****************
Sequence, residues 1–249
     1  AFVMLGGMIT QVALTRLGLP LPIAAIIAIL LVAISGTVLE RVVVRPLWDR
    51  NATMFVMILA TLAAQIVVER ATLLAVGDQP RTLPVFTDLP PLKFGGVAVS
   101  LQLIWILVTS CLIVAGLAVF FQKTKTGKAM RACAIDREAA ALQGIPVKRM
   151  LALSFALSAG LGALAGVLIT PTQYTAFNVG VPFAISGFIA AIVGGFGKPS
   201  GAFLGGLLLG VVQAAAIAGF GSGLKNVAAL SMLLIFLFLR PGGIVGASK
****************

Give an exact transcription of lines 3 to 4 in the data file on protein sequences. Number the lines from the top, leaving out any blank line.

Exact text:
    51  NATMFVMILA TLAAQIVVER ATLLAVGDQP RTLPVFTDLP PLKFGGVAVS
   101  LQLIWILVTS CLIVAGLAVF FQKTKTGKAM RACAIDREAA ALQGIPVKRM